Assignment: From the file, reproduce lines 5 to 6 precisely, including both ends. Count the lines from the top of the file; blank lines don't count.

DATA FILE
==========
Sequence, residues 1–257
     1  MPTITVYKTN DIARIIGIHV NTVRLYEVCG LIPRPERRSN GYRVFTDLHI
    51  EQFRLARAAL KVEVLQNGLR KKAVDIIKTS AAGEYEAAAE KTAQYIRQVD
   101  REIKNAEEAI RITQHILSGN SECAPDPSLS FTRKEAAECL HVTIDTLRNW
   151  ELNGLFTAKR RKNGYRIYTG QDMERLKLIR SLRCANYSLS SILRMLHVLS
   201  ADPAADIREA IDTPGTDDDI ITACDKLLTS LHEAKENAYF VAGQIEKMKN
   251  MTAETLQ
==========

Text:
   151  ELNGLFTAKR RKNGYRIYTG QDMERLKLIR SLRCANYSLS SILRMLHVLS
   201  ADPAADIREA IDTPGTDDDI ITACDKLLTS LHEAKENAYF VAGQIEKMKN